In the Czech Republic, three research nuclear reactors are in operation. According to the valid legislation, preliminary decommissioning plans have been prepared for all research reactors in the Czech Republic. The decommissioning plans shall be updated at least every 5 years. Decommissioning funds have been established and financial resources are regularly deposited. Current situation in planning of decommissioning of research reactors in the Czech Republic, especially planning of decommissioning of the LVR-15 research reactor is described in this paper. There appeared new circumstances having wide impact on the decommissioning planning of the LVR-15 research reactor: (1) Shipment of spent fuel to the Russian Federation for reprocessing and (2) preparation of processing of radioactive waste from reconstruction of the VVR-S research reactor (now LVR-15 research reactor). The experience from spent fuel shipment to the Russian Federation and from the process of radiological characterization and processing of radioactive waste from reconstruction of the VVR-S research reactor (now the LVR-15 research reactor) and the impact on the decommissioning planning is described in this paper. (author)

  18. Decommissioning in British Nuclear Fuels plc

    International Nuclear Information System (INIS)

    Colquhoun, A.

    1988-01-01

    Decommissioning projects at the BNFL Sellafield site have been selected taking the following into account; the need to gain experience in preparation for the decommissioning of the Magnox reactors and for the post Magnox stage; the need to develop larger scale projects; the need to be cost effective and to foster long term safety. The balance between prompt or delayed decommissioning has to consider operator dose uptake and radioactive waste management. The ten year plan for decommissioning at Sellafield is described briefly. Currently decommissioning is of the fuel pond and decanning plant, the Windscale Pile Chimneys, the coprecipitation plant and the uranium recovery plant. (author)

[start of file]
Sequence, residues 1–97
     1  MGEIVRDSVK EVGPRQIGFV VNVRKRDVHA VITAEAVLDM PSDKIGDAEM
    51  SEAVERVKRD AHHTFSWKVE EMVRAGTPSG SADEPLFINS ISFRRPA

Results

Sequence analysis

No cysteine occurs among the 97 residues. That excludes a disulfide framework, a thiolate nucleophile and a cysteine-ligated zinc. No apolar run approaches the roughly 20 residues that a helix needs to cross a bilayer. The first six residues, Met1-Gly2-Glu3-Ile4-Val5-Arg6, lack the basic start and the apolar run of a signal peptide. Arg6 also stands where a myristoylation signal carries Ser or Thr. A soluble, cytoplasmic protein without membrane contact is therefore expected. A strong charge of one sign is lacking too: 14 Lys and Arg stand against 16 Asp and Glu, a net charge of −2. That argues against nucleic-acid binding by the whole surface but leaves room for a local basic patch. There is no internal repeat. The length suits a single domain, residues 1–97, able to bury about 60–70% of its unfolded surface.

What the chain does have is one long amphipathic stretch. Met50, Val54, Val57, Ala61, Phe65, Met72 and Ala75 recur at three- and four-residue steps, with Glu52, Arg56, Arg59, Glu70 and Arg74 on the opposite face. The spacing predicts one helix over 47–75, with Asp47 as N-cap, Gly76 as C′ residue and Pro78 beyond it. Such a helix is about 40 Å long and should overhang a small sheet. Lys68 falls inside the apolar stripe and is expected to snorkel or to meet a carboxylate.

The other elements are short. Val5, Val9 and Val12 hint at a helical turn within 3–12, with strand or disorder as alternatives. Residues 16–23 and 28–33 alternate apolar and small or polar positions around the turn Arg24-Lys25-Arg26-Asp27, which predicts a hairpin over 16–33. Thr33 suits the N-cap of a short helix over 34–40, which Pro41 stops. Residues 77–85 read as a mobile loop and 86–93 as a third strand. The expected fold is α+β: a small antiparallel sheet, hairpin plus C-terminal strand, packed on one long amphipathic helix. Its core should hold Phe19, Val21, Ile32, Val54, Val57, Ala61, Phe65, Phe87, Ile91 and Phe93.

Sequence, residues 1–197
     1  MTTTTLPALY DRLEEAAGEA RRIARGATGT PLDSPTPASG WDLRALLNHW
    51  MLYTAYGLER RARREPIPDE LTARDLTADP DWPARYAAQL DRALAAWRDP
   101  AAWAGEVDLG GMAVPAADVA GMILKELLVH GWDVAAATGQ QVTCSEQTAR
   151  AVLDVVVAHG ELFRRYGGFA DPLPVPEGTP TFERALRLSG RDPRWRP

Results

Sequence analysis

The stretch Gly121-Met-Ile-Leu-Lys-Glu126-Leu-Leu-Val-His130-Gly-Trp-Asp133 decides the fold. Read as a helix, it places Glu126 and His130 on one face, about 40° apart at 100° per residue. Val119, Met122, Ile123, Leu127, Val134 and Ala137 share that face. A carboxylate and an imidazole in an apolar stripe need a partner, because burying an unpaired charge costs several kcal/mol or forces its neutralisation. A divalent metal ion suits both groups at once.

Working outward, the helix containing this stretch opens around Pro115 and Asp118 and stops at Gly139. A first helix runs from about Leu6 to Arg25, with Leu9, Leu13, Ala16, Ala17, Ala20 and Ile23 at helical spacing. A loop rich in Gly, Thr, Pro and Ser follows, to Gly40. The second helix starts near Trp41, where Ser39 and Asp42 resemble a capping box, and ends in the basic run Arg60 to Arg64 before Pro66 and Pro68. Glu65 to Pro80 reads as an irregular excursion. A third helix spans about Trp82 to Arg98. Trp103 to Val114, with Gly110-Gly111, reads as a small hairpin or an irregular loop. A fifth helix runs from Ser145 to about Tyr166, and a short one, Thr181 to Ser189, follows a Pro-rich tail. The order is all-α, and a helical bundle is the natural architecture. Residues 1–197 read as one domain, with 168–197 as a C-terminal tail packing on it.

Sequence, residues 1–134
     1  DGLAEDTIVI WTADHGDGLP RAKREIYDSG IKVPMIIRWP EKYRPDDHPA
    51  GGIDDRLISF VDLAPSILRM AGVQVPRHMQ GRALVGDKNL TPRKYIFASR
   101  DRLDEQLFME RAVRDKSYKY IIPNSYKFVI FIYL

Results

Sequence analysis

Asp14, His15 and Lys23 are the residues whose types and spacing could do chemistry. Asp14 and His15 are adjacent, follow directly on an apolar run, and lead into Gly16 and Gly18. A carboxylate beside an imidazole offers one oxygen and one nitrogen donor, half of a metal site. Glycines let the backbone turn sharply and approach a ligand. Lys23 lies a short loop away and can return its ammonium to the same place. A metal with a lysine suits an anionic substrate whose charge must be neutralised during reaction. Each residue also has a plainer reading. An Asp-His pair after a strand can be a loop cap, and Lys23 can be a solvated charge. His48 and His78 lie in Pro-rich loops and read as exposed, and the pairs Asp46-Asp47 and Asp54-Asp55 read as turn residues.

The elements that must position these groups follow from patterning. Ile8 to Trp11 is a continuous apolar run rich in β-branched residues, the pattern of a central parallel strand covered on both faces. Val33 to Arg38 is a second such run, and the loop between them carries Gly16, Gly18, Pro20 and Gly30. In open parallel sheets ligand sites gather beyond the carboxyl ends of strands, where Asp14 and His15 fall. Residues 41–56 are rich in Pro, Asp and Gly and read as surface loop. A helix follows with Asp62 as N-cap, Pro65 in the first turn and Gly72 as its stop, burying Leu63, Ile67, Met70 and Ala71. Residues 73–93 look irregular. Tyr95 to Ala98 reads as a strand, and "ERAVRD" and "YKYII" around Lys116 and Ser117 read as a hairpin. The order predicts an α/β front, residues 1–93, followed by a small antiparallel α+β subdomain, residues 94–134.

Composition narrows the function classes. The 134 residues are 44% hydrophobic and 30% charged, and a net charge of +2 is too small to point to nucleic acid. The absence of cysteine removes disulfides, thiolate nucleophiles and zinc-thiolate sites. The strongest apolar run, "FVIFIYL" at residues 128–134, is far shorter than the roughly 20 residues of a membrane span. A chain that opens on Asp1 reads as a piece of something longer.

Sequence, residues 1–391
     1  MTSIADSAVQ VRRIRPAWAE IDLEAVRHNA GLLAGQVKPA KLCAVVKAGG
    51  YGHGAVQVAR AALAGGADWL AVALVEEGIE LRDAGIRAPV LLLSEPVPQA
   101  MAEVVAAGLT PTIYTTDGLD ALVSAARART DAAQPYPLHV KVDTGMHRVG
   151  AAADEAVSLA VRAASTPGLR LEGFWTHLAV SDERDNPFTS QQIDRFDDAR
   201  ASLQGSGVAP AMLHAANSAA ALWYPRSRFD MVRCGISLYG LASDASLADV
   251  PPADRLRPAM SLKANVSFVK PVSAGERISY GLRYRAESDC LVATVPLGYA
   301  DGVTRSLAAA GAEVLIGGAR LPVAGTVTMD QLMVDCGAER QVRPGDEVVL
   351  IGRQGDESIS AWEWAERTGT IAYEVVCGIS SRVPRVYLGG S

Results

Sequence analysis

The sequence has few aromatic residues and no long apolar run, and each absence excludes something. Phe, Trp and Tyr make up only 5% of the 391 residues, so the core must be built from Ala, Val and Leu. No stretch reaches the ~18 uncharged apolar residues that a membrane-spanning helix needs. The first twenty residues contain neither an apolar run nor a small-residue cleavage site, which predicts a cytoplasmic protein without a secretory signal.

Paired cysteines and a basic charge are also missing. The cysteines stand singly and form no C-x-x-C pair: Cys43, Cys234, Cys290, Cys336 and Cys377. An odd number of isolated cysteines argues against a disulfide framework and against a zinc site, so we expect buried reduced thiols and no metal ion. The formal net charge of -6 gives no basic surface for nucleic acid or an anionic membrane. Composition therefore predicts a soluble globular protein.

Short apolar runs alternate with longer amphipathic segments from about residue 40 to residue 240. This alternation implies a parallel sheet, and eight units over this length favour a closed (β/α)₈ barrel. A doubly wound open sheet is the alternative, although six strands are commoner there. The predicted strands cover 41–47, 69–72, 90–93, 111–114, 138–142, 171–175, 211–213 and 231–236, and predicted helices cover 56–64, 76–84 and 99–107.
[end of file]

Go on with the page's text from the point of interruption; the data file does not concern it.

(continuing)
19. Decommissioning project feedback experience in the Japan Atomic Energy Research Institut

    International Nuclear Information System (INIS)

    Yanagihara, S.; Tachibana, M.; Miyajima, K.

    2003-01-01

    and to implement a decommissioning project in safe and economical manner. The Japan Power Demonstration Reactor (JPDR) decommissioning project was completed by March, 1996, accumulating various data, experience and know-how on dismantling activities. The data and project experience were analyzed for future decommissioning of commercial and research nuclear facilities, in which the lessons learnt are categorized into three groups: safety case, waste management and work efficiency. The feedback experience was good for planning and implementing decommissioning projects. This paper deals with the decommissioning projects and the feedback experience in JAERI. At present more than 20 research nuclear facilities are listed for decommissioning in the near future in JAERI, and some of the facilities are in dismantling stage. In addition, nearly 200 nuclear facilities will be decommissioned in JAERI and JNC for 80 years after unification of both research organizations. Consequently, it has been required to implement the decommissioning projects in safe and economical manner by effectively referring the past decommissioning experience. JPDR and JRTF decommissioning projects were set up as demonstration programs for future decommissioning of large nuclear facilities. The JPDR decommissioning project was completed successfully without serious problems, accumulating various data and know-how. The JRTF decommissioning project has also been in progress, in which the experience of JPDR dismantling activities are referred and various data and experience are collected to characterize the dismantling activities in fuel cycle facilities. In case of JRR-2 decommissioning project, it has been decided that the building will be used for a centralized fuel storage facility for the time before dismantling the core part. Various lessons learnt have been accumulated through these projects, including technology application, project management and organizational matters. The project data and the

  20. A study on the applicability for primary system decontamination through analysis on NPP decommission technology and international experience

    Energy Technology Data Exchange (ETDEWEB)

    Song, Jong Soon; Jung, Min Young; Lee, Sang Heon [Chosun University, Gwangju (Korea, Republic of)

    2016-03-15

    Decontamination is one of the most important technologies for the decommissioning of NPP. The purpose of decontamination is to reduce the Risk of exposure of the decommissioning workers, and to recycle parts of the plant components. Currently, there is a lack of data on the efficiency of the decontamination technologies for decommissioning. In most cases, the local radiation level can be lowered below a regulatory limitation by decontamination. Therefore, more efficient decontamination technology must be continuously developed. This work describes the practical experiences in the United States and the European countries for NPP decommissioning using these decontamination technologies. When the decommissioning of domestic nuclear power plant is planned and implemented, this work will be helpful as a reference of previous cases.

  1. IDMT, Integrated Decommissioning Management Tools

    International Nuclear Information System (INIS)

    Alemberti, A.; Castagna, P.; Marsiletti, M.; Orlandi, S.; Perasso, L.; Susco, M.

    2005-01-01